Because Sense8 is not another project by another racist, oblivious white producer sticking their tongue down their throats and pretending they know what they’re talking about. And to advocate we treat it that way betrays a petty lack of context and a uncritical spirit that will cut off its nose for the sake of spiting its face.

Now, I’m not saying Lana Wachowski should not be held accountable for what she’s done. She should. She absolutely must. But understanding the current situation and the stakes on this, we need to realize that our usual method of holding someone accountable is not viable, not if we’re gonna continue damning ourselves, as a community, to something we know it’s worse. Not if it means keeping things the same.

I am by no means saying you should not complain about what Lana Wachowski has said and continue to demand apologies and building pressure until those apologies are delivered. Please do. This post is not meant to invite silence, but actual dialogue. Actual critical thought and discussion on the matter. Write letters. Write blogposts. Do not allow time to sweep away her words. Do not allow her to pretend it never happened. Do not allow her to continue her behavior unaccounted for.

I just ask that you take a moment to be rational and critical and make a conscious choice about what the consequences of your actions are. Because in this case, mindless, careless discourse could be far more damning that you know. And if you truly believe in intersectionality, if you absolutely believe that representation and equality are important? You cannot afford to be careless or mindless.

Calpernia Addams grew up in Nashville, Tennessee. She served as a Hospital Corpsman with the Navy and United States Marine Corps. During her last year in the military she came out as a transgender woman.Addams chose the name “Calpernia” from the William Shakespeare play Julius Caesar (a variant spelling of Caesar’s wife Calpurnia) and its appearance on a tombstone in the film The Addams Family

Sense8

So I’ve been seeing a lot of stuff about this show around and I did my own research so I’d like to state my opinion.
Yes, one of the creators, Lana Wachowski, a white trans women, made a racist speech and is overall a racist person. I don’t have any links but you are welcome to Google Lana Wachowski Trans100 speech to find out the facts on your own.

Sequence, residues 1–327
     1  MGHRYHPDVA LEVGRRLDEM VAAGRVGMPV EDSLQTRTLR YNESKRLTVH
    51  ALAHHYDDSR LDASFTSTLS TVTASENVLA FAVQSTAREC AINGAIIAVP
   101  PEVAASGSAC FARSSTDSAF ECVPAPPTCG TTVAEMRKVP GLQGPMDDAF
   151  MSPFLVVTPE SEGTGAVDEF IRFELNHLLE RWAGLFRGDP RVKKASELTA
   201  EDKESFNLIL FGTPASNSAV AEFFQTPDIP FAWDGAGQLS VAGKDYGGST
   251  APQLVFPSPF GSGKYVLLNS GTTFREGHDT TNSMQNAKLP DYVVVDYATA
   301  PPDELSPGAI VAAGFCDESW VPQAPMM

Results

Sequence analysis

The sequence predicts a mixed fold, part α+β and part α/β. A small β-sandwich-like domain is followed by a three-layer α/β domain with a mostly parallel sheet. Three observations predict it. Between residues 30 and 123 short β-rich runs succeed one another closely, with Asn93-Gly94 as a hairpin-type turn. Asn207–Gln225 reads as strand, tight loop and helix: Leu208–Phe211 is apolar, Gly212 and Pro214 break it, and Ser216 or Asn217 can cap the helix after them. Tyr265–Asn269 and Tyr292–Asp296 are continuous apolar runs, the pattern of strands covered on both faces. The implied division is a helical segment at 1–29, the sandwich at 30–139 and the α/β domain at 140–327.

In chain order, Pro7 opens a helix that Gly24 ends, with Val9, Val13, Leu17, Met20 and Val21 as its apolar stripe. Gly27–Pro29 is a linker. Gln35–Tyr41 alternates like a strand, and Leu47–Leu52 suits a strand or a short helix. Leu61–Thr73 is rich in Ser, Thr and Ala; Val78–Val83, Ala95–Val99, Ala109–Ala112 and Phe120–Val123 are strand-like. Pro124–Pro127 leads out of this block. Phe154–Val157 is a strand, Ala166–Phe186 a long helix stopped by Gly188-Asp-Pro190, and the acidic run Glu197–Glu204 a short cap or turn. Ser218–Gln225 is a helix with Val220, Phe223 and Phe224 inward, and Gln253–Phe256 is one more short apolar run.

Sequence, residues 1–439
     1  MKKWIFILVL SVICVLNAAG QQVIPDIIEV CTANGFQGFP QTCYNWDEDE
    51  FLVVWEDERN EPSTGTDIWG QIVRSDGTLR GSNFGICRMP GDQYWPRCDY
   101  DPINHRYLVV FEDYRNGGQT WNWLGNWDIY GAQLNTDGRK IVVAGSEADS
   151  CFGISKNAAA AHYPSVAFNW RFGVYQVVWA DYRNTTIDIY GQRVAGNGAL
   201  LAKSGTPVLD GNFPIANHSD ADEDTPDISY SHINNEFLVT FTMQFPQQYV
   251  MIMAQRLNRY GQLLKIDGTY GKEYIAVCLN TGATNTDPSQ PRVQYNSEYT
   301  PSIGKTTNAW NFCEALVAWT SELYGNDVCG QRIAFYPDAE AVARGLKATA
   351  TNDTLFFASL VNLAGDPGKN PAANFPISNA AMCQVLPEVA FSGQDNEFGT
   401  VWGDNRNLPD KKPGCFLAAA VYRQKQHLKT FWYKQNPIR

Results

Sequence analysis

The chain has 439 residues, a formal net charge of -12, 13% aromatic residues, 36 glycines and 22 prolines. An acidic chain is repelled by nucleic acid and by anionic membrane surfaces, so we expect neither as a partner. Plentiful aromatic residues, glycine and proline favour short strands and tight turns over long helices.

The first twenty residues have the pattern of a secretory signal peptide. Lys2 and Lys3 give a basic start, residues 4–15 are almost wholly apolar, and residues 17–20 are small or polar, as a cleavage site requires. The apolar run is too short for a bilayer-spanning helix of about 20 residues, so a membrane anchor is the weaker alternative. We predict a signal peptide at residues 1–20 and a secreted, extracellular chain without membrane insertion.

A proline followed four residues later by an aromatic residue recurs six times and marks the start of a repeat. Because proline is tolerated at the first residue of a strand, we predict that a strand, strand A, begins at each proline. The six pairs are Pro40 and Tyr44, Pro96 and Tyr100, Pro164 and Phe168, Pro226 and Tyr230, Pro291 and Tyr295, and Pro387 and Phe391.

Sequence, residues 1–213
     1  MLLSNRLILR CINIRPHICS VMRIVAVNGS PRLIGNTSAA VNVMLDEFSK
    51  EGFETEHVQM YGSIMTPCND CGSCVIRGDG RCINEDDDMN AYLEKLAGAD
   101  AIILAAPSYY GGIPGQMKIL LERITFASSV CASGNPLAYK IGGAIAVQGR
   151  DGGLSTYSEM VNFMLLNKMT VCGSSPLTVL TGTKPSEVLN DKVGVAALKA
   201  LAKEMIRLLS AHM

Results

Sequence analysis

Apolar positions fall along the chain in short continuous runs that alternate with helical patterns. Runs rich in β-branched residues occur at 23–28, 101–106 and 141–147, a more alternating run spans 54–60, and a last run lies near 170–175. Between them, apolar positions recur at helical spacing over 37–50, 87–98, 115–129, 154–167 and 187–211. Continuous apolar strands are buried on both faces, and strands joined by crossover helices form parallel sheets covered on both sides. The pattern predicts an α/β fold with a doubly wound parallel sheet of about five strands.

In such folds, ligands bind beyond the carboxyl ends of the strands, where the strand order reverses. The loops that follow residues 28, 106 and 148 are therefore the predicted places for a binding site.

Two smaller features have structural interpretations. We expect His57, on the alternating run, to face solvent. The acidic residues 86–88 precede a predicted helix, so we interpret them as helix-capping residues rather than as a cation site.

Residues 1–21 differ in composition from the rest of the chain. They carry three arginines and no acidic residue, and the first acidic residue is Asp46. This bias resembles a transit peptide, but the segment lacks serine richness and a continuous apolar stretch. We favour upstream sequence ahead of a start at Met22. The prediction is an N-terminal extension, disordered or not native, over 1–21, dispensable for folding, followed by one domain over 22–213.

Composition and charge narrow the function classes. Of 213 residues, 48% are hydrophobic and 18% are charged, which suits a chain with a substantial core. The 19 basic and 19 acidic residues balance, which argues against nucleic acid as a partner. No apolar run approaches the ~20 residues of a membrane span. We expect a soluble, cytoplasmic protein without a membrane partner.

Yes, in an ideal world, people should boycott the show, or at least not do things to profit a racist creator.

HOWEVER sense8 is an incredibly diverse show, in terms of race, gender, culture, and sexuality. It also a very well done show. So far, the views of the creator have not been displayed on the show in a way that promotes whatever the characters are saying about it.

The reason why I believe people should continue watching the show despite the benefit to Lana is that at this point, Netflix is experimenting in representation in a larger way than anything on TV right now. If this show does not gain popularity, and does not get good views, Lana’s career will not be ruined. Rather, Netflix, or other TV networks, will decide that creating diverse shows is not what will make them money.

I believe the greater interest of representation in TV is at stake here, and there is more to be gained than lost by watching sense8. Sometimes compromises have to be made.

That being said, I am always open to the opinions of others and I would love to here your perspectives on it. Feel free to reblog and respond, but please do not spread negativity. I apologize if anything I said was ignorant, being white and cis, but I would like to have discussions not arguments.

Thank you.

Marci Lee Bowers  is an American gynecologist who operated a surgical practice in Trinidad, Colorado. She moved her practice to San Mateo, California in December 2010. Bowers is viewed as an innovator in the field of transgender surgery, as well as a pioneer, being the first transsexual woman to be performing the surgery. Bowers has been referred to as the “Rock Star” of transgender surgery.